Government Money Market Fund (PGDXX)

Pursuing income while preserving capital with the highest quality short-term investments.

  • Highlights
  • Performance
  • Holdings
  • Expenses
  • Asset Liquidity

Fund price

Yesterday's close 52-week high 52-week low
Net asset value $1.00
0.00% ( $0.00 )

Management team

Joanne M. Driscoll, CFAJonathan M. Topper

(pictured left to right)
Joanne M. Driscoll, CFA (industry since 1992)
Jonathan M. Topper (industry since 1990)

Strategy and process

  • Capital preservation: The fund invests at least 99.5 percent of its total assets in cash, U.S. government securities, and repurchase agreements collateralized by U.S. government securities or cash.
  • A high-quality portfolio: The fund invests in high-quality debt securities that are obligations of the U.S. government and its agencies and instrumentalities. Accordingly, the vast majority of the portfolio is backed by the full faith and credit of the United States or by the credit of a federal agency or government-sponsored entity, such as Fannie Mae and Freddie Mac.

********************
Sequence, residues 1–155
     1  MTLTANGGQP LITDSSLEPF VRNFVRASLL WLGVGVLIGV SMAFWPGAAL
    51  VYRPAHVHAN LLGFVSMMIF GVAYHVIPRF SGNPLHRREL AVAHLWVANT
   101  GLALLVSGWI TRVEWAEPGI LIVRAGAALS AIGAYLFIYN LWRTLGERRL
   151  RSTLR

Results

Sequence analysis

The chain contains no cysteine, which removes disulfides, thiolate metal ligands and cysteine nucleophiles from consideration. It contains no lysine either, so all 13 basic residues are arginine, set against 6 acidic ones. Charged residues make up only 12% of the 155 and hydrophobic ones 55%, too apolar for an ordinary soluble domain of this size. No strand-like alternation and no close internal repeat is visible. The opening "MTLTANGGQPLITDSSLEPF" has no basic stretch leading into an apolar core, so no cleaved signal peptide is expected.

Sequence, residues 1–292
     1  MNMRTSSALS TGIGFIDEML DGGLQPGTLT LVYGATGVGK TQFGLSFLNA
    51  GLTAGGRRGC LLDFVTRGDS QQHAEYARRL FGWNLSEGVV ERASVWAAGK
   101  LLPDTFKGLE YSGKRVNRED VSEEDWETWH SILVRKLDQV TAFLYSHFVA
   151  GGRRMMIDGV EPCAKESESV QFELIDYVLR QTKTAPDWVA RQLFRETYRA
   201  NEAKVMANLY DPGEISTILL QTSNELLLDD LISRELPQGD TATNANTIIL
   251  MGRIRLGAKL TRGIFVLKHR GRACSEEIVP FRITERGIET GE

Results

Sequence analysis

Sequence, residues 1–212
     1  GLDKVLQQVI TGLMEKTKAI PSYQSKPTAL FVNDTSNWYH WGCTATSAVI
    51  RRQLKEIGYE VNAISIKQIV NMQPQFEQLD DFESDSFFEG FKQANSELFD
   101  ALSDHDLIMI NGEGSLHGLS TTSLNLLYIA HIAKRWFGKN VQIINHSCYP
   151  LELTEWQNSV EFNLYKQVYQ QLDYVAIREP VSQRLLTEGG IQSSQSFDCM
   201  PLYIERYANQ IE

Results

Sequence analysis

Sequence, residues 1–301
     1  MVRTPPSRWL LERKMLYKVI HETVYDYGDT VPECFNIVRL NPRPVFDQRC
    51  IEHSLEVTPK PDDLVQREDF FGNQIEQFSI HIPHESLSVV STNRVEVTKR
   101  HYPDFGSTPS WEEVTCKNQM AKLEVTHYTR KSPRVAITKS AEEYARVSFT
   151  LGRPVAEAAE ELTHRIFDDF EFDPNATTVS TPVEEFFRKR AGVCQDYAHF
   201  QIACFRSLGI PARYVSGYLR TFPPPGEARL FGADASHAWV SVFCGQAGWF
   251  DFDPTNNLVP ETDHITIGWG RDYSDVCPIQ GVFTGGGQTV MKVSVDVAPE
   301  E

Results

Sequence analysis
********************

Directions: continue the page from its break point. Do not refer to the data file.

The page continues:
• Leading research: The fund's veteran portfolio managers, supported by Putnam's fixed income research division, manage risk by analyzing individual securities and overall market conditions.


Consider these risks before investing: You can lose money by investing in the Fund. Although the Fund seeks to preserve the value of your investment at $1.00 per share, it cannot guarantee it will do so. An investment in the Fund is not insured or guaranteed by the Federal Deposit Insurance Corporation or any other government agency. The Fund's sponsor has no legal obligation to provide financial support to the Fund, and you should not expect that the sponsor will provide financial support to the Fund at any time. The values of money market investments usually rise and fall in response to changes in interest rates. Certain securities in which the fund may invest, including securities issued by certain U.S. government agencies and U.S. government sponsored enterprises, are not guaranteed by the U.S. government or supported by the full faith and credit of the United States. Mortgage-backed securities are subject to prepayment risk and the risk that they may increase in value less when interest rates decline and decline in value more when interest rates rise.